Captain Kirk’s Weekly Comic Review – 05/11/2016

It’s the Toronto Comic Arts Festival this weekend and I was invited to partake in a Panel Discussion about the merits of comics on education.

It’s a bit of a big deal to me. After all, I’m a teacher who loves comics and yes, I use them in my classroom. However, I wasn’t able to obtain release time to be able to go to this thing on a Friday afternoon, talk to other teachers and basically celebrate how cool comics are as a teaching tool.

Yeah … so much for professional development.

I’m sighing as I type this so I don’t think it counts as a rant.

However, the TCAF is definitely a lot of fun. If you’re in Toronto, I urge you to go check it out and listen to folks like Jeff Lemire, Brian K. Vaughn and Sean Phillips along with a cadre of comic creators who can best detail the academic influence of the comic book medium better than I could.

Check it out at the Toronto Public Reference Library. The website can be found here.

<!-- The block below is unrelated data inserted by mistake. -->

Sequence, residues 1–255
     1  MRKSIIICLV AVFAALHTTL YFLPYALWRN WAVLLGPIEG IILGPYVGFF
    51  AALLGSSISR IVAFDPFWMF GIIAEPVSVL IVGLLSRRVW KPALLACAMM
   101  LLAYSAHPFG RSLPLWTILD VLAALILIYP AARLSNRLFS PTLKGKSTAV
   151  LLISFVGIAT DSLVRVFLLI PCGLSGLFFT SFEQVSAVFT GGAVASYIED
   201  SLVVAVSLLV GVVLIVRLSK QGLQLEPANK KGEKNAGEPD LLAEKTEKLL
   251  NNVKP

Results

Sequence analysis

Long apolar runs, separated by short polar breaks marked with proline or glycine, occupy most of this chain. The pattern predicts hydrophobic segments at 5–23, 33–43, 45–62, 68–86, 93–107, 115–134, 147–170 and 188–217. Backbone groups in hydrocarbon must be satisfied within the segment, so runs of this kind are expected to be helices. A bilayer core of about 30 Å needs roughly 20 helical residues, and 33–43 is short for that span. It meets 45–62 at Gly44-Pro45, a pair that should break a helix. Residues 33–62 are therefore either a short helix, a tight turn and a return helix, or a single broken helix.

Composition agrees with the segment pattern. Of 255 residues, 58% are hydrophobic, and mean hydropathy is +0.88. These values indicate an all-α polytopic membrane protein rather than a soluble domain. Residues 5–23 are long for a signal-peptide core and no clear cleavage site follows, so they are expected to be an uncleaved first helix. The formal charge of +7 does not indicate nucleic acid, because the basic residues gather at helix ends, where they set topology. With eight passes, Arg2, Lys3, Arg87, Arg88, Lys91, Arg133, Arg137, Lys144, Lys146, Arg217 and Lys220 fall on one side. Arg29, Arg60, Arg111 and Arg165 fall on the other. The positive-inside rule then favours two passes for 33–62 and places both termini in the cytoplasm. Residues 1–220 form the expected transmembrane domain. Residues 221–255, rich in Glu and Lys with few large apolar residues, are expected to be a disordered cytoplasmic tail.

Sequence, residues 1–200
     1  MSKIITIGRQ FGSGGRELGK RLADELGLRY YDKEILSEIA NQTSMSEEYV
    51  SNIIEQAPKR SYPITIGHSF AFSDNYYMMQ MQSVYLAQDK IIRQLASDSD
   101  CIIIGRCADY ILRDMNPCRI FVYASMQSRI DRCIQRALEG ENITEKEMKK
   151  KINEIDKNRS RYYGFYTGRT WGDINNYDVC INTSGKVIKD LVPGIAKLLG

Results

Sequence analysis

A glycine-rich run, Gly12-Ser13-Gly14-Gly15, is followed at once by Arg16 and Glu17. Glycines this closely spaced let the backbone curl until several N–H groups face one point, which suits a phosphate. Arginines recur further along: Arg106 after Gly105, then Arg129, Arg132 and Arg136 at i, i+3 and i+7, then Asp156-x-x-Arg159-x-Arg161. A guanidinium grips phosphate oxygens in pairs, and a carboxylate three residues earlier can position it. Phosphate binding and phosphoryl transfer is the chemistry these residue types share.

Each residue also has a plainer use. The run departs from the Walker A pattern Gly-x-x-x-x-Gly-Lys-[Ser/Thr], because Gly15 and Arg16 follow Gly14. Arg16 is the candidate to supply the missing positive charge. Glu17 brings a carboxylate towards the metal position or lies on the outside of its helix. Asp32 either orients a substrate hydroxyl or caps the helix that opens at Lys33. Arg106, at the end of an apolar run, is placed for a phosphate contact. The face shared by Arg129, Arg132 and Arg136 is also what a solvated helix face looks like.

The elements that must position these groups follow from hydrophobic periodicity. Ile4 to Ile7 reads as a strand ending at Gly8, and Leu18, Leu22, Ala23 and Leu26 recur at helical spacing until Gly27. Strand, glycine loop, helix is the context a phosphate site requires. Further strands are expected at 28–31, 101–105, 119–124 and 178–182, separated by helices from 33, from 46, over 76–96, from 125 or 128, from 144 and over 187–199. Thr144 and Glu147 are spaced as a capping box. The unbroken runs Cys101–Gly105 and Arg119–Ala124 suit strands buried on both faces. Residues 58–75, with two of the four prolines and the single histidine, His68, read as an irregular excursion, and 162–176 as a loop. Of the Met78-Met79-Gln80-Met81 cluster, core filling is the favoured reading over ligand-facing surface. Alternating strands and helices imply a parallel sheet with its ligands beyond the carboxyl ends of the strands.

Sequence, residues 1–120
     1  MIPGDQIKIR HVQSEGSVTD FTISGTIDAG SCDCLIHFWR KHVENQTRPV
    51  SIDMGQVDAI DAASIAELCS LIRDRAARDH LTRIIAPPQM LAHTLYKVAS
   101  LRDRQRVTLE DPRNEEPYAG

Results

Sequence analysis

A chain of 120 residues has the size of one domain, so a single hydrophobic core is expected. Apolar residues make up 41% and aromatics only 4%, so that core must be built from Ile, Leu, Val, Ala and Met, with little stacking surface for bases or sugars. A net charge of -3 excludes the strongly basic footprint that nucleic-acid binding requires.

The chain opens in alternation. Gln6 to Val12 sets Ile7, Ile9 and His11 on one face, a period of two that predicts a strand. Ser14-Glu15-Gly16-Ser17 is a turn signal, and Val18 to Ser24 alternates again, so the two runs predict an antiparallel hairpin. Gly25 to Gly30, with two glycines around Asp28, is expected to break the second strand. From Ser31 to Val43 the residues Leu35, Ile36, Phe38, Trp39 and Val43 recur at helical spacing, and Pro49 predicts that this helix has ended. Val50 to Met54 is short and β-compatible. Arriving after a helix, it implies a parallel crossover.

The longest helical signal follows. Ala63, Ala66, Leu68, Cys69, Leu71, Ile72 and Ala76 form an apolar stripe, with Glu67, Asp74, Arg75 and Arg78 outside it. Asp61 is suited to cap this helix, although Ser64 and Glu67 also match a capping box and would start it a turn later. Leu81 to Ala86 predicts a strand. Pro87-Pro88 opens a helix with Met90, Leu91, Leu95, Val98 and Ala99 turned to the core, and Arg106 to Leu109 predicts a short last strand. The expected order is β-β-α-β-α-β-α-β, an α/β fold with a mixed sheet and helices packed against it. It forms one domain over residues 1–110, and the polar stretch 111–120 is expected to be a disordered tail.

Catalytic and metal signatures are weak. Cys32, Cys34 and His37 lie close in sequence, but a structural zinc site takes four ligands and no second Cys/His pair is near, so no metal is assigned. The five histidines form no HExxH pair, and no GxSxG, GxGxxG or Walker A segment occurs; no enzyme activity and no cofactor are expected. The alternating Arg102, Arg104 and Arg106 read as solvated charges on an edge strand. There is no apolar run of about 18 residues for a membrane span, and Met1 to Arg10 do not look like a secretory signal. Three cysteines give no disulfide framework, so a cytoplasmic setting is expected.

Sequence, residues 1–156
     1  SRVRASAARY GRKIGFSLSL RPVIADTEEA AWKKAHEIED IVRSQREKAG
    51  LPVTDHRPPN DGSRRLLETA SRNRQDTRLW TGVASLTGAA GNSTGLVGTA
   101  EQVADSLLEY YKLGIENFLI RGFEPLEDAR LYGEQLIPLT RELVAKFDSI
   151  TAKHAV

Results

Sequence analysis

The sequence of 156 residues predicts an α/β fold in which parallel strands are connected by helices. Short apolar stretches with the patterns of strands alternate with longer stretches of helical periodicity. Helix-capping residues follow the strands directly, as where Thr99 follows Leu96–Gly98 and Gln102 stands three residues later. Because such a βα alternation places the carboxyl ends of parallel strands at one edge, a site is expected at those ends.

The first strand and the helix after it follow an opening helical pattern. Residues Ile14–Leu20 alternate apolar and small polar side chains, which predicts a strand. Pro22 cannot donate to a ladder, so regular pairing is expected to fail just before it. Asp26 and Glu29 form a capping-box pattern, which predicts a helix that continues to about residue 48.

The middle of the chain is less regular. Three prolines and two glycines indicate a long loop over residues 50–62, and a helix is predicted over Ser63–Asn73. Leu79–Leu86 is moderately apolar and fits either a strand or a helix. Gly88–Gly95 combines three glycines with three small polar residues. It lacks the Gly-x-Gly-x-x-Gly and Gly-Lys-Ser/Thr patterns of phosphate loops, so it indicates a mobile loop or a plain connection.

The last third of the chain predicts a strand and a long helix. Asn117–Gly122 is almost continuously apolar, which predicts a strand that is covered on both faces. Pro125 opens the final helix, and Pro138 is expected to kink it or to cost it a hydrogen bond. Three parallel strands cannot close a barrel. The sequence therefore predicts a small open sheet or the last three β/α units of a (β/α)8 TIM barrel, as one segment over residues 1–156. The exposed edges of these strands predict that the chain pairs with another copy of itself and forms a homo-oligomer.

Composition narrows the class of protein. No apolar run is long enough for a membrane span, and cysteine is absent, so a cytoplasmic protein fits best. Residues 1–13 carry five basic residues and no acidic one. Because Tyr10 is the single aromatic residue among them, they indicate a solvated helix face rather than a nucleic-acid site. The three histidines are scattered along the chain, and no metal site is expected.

For now though, my students will just have to hear about it from me tomorrow – or they can check out my selection below. Let’s get to the list.

IDW Publishing

Rocketeer at War #3


J Bone’s art isn’t for this book.

Sorry, but being a Dave Stevens devotee, there’s a sense of classicism that I feel should be reserved for this historical comic that really needs someone with a touch of Stevens in their art in order to deliver a degree of homage to this World War II book. The blockish noses of Bone’s characters convey a very juvenile cartoony feel to this book. It may not apply to everyone, but it was a bit of a jarring turn-off for me, I’m sorry to say.

Guggenheim has the right feel for this book though. His characters, his dialogue – all taken directly from the war years. If you can’t get past the pupil-less faces, then this might not be your book. It’s a shame though as the Rocketeer remains one of my favourite era-specific comic characters.

Satellite Falling #1